Tributes from the 'diving village' have been paid to the late British shipwreck explorer, Steve Slater.
Steve Slater died after surfacing from a dive on the 'Andrea Doria' on Monday 24th July.
His death was announced by his family on Wednesday 26th July via social media.
"It is with absolute sadness that we have to tell you that Steven died on Monday 24th July whilst diving in the United States. We are all heartbroken but draw comfort knowing he was doing something that he loved."
His diving friends all agree that Steve was a skilled, highly experienced, temperate water and CCR diver, more than capable of diving the luxury Italian liner. He was dived-in, prepared and current. "If there was any bloke to get out of a problem underwater, it was Steve", stated Steve Sanders, a friend and diving buddy.
He was probably one of the UK’s top four or five divers
The Andrea Doria lies in 62 - 77 mt / 203 - 252 ft in the Atlantic Ocean.
"Often the ocean surface will be completely still, but current can be roaring on the wreck. Visibility can be 30 mt / 100 ft plus, but it is more likely to be 3 - 6 mt / 10 to 20 ft. One thing is for sure: it's always cold, roughly 3 - 8°C / 38 - 48°F."
John Chatterton, wreck explorer.
In other words Doria diving is cold and dark, and the wreck is swept by currents. But these were very familiar conditions and depths for Steve Slater, because he was regularly deep / expedition wreck diving in and around the UK. Slater was a safe, meticulous diver, who didn't take unnecessary risks.
Steve learned to dive with BSAC club 'Tyneside 114' in 1989 when he was aged 18. It wasn't long before his fascination with wreck diving turned into a full blown love affair. By the early 2000s Steve was diving the 'Graveyard'. This is an area littered with the mangled wrecks of dozens of sunken ships, located some 30 miles offshore from his native Newcastle upon Tyne.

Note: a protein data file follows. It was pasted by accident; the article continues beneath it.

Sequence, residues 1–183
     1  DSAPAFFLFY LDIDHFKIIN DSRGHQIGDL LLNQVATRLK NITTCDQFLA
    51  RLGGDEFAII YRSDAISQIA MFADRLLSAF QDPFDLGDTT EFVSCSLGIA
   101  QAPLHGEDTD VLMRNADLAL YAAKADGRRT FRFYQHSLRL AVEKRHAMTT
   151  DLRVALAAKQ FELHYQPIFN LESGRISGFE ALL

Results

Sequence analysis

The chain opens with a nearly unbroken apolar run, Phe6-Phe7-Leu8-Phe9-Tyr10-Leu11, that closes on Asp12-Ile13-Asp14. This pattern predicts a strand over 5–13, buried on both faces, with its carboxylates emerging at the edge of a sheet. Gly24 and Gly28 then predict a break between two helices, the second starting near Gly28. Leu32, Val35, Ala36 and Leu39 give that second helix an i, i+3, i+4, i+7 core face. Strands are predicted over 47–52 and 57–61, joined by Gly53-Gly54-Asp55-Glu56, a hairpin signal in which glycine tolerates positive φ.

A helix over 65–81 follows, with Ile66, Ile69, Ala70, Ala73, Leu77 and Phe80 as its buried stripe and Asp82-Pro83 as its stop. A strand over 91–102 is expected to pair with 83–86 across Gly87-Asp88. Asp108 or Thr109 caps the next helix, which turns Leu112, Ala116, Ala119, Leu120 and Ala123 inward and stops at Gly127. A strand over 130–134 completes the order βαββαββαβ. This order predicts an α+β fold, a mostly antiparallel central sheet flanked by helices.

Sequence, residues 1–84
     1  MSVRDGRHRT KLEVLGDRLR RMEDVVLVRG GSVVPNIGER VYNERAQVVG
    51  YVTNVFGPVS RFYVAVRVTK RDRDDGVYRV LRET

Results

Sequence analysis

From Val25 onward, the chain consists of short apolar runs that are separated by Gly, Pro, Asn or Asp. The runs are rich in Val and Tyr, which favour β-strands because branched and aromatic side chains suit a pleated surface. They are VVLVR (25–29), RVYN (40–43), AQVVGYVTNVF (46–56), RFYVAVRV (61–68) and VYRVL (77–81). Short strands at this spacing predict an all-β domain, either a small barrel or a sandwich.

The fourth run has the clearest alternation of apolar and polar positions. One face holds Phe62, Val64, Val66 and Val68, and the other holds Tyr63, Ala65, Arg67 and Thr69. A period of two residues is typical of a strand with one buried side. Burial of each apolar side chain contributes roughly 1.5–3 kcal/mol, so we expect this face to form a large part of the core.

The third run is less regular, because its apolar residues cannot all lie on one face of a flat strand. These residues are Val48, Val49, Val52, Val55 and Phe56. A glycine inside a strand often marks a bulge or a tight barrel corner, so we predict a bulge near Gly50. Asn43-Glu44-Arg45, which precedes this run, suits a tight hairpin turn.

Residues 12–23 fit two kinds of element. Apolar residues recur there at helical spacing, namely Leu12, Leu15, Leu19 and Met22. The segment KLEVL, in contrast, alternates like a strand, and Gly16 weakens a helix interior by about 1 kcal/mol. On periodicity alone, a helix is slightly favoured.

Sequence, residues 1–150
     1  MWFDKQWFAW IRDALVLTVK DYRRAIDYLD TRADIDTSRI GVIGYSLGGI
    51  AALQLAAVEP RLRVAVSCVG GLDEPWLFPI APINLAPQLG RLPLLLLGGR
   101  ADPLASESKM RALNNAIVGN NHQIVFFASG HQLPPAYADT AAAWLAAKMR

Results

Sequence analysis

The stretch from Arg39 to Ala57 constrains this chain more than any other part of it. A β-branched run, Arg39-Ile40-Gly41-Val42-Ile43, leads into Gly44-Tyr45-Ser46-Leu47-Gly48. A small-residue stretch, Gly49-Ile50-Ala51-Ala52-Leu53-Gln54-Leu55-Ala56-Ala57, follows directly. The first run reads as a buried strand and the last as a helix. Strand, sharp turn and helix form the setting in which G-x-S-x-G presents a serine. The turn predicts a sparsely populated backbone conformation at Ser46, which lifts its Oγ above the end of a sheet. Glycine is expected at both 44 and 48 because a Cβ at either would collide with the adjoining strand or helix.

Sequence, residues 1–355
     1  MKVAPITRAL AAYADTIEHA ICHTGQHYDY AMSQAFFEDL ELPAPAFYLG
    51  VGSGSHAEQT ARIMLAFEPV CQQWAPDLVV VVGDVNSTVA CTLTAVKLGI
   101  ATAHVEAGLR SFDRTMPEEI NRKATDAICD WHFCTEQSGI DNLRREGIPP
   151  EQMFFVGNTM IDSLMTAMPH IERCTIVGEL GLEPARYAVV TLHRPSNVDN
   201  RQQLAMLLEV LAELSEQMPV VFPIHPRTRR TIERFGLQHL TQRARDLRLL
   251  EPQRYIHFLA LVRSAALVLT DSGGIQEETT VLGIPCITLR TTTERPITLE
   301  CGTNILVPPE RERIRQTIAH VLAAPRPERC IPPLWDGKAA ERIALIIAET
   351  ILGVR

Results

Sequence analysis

His Parent's Tribute
His parents Norma and Edward told 'Chronicle Live' that Steve died doing what he did best.
“He died doing what he loved, he lived for it, he always wanted to get out and dive. Weather permitting, he did it most weekends” said Norma Slater.
Edward Slater stated "He loved the wreck dives because he liked the history that went along with them, he enjoyed doing the research. He was outgoing, that was for sure.”
In 2008 Steve Slater was invited to join the British mixed-gas technical diving team 'Darkstar' by the founder, Mark Dixon. At the time both Dixon and Slater were independently searching for (the still missing wreck of) 'HMS Nottingham'. Slater had a mark, Dixon had a boat. Mark Dixon contacted Steve Slater and suggested they pool resources and work together. A cagey Slater agreed to give it a go. It was the start of a very close friendship, and Steve dived extensively as part of Darkstar until his death earlier this week.
Darkstar sail and dive out of the Royal Quays in North Shields, UK. The team has a good ethos of seeking out new marks / unknown wrecks. They dive the mark, and treat the wreck with the utmost respect. They take nothing and they do not enter the wreck. Post-dive they research the wreck to find out its story.
In December 2011 Darkstar discovered a British WWI submarine that has lain hidden on the seabed off the North coast for 93 years.
Steve Slater told 'Chronicle Live' at the time "We were quite shocked at such a major discovery that history had forgotten about. The first thing was elation, then it hit home what happened. Submarines are worse because you’re swimming past and thinking some of the guys are still in there.”
The submarine turned out to be the 'J6'. Her sinking at the end of World War I had been hushed-up under the Official Secrets Act. No one knew her final resting place, or what had happened to her. She was sunk by friendly fire in 1918 by the British Q ship 'Cymric', a merchantman with disguised guns. Only 15 of the 34 crew were rescued.
Steve Slater got in touch with the relatives to learn more. A relative later told the 'Sunday Sun' newspaper "Steve was saying that they laid a wreath then had a dive and inspected the submarine. He said there was now a name to give it, it closed the circle in terms of my grandmother as she'd never been able to pay her respects. She never knew what had happened to her first husband. I am grateful for the family's point of view and it closed a chapter."